Officer Williams heard me. He stopped beating the other student, grabbed me and through me against a wall. I was handcuffed and a few minutes later slammed hard into the backseat of his cruiser.

    He never mentioned a charge, though I demanded to know. On the way to the nearby precinct, I of course reminded him of my rights. He laughed the whole way. At the station, I was left sitting, cuffed, on a chair next to a desk for over 2 hours. So, I started singing God Bless America over and over, increasingly louder.

    He finally came back, charged me with ‘intent to incite a riot’. What amazed me was that the only way a riot could have been fomented is if everyone including Officer Williams was aware of the article and also aware of my sarcastic connection to the article and also (this is the funny part) if all those people were inclined to stop their personal lives that minute and rebel collectively against the state. O.k. so D.C. is not a state, but you catch my drift.

    Turns out Officer Williams a few months/years(?) later was the same D.C. officer who handcuffed a woman to a mailbox on “M” street and left her there for awhile. The woman sued him and discovered dozens of others who were victims of Officer Williams abuse. I was deposed for that case, but didn’t join the class action.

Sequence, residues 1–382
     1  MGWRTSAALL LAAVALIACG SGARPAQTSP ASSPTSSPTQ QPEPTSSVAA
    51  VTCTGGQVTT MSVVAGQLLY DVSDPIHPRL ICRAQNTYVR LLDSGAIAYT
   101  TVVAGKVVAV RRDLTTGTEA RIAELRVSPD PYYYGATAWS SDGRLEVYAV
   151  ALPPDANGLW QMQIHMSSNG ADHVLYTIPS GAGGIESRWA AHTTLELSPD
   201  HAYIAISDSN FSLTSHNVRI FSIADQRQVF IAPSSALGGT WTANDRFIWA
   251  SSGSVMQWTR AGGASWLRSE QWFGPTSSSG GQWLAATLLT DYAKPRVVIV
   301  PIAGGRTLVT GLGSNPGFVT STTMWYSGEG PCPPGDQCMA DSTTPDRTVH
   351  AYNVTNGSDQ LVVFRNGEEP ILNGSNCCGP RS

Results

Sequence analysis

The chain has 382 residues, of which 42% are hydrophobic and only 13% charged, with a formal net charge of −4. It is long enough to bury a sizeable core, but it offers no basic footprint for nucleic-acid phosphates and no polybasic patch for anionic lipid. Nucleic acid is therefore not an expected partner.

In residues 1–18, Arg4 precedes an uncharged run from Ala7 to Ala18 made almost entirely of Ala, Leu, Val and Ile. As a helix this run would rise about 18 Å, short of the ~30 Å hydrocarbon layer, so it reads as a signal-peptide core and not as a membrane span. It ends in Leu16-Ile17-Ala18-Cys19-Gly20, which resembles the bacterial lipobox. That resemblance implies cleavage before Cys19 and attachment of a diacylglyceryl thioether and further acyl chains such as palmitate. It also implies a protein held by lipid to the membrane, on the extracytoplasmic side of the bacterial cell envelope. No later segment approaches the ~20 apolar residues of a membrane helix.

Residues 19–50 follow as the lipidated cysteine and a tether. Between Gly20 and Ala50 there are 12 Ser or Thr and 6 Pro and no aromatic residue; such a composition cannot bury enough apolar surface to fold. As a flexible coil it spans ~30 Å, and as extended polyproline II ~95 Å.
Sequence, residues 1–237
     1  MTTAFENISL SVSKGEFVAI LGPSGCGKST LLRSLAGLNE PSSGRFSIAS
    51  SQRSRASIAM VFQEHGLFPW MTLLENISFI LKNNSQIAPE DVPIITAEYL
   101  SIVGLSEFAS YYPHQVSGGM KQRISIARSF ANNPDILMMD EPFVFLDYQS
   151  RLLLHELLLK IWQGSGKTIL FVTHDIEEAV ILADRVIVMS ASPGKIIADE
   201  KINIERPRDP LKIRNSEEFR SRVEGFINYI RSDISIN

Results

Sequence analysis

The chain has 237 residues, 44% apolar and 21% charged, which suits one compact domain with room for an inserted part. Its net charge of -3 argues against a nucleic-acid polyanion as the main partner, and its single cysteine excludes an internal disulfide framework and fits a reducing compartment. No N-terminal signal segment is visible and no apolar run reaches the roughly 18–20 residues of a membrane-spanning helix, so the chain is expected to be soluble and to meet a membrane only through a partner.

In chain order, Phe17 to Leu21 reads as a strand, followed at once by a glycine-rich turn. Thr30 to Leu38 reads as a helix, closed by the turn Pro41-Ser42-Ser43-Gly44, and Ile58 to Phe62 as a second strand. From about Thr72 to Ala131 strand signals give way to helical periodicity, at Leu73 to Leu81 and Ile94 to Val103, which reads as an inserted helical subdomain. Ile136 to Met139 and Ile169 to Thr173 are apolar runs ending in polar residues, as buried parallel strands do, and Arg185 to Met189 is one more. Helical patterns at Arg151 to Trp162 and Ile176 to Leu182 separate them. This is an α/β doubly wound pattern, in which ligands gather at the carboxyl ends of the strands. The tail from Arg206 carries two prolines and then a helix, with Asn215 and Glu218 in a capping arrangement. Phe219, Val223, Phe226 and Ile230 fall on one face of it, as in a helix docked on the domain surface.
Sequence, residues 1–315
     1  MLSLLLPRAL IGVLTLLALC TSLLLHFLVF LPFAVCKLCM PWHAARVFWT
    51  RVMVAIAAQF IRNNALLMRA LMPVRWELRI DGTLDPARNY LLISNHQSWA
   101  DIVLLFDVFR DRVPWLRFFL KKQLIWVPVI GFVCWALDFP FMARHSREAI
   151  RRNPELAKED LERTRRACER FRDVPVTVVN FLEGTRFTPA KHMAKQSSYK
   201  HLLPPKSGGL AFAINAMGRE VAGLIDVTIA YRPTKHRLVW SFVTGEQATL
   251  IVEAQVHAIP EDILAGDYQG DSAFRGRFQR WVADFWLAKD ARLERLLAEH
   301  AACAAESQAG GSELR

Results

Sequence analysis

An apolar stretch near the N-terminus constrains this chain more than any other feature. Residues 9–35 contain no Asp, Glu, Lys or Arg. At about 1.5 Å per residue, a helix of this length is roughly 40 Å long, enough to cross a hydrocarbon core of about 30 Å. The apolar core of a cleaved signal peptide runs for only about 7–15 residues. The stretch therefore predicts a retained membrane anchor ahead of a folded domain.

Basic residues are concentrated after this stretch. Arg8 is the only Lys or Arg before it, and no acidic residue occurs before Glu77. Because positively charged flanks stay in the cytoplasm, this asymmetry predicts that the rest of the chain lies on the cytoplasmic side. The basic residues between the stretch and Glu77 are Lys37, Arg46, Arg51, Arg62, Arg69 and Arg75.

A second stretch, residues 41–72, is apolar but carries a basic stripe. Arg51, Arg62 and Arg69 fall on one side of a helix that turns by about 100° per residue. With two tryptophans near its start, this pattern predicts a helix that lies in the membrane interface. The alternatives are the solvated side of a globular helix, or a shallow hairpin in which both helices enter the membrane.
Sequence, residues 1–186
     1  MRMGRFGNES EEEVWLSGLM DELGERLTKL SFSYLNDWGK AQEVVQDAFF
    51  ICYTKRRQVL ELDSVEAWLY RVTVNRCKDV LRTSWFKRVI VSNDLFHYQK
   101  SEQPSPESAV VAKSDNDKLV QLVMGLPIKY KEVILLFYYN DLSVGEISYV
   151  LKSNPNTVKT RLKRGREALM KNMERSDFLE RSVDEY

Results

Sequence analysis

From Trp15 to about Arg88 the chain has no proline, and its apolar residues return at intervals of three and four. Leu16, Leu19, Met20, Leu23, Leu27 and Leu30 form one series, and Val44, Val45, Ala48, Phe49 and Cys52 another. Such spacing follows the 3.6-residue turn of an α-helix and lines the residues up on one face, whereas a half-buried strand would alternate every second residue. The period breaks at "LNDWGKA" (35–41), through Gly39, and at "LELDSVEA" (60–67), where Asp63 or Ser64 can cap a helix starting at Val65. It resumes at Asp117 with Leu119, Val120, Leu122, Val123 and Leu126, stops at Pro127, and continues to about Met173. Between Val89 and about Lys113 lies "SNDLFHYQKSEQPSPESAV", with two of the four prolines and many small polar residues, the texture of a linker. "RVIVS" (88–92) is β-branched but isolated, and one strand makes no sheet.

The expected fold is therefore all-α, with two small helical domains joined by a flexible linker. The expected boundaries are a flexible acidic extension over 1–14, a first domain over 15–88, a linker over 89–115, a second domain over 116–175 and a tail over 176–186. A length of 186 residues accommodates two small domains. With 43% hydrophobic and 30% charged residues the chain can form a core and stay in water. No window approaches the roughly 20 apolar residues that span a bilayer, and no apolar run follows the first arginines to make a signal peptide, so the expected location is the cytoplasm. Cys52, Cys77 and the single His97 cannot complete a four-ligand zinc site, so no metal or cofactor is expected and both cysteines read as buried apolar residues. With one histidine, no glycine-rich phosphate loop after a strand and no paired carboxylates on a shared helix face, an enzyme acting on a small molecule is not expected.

Before that night, it was routine for D.C. officers to throw Georgetown students into the PaddyWagon for nonsenses. Must have been a revenue issue, a power issue, or more likely… a cultural issue with the Academy’s admission standards.

    Thanks for posting the blog entry. People need to know many police are not there to protect and serve anything…. but their egos.

    And I am truly sorry for all the fantastic, brave officers who manage their profession WITHIN the law. Not only must they work alongside such trash… they also must bear the smell of it wherever they go.

    Sean Mulvihill

    Sean

  3. Mespo,
    Niven’s reaction was quick witted and priceless. I remember watching on TV as it happened, stoned then as usual and my only reaction was probably “Far Out!” Damn these Brits and their urbanity.

  4. Mike S:

    “I’m a fan of dry humor, though I was really aiming for droll. Oh well.”

    ******

    Here’s something to shoot for from the master of droll, David Niven, at the Academy Awards on a memorable night in 1974:

  5. Buddha,
    My father took me to a whole lot of English comedy’s in the 50’s. Alec Guinness was among the greatest of stars and Peter Sellers hadn’t yet been ruined by Hollywood. I’m a fan of dry humor, though I was really aiming for droll. Oh well.

  6. It has always seemed to me that the Gates incident sounded more like a stupid police overreaction to someone being a little obnoxious (like the incident reported here) than a racial one.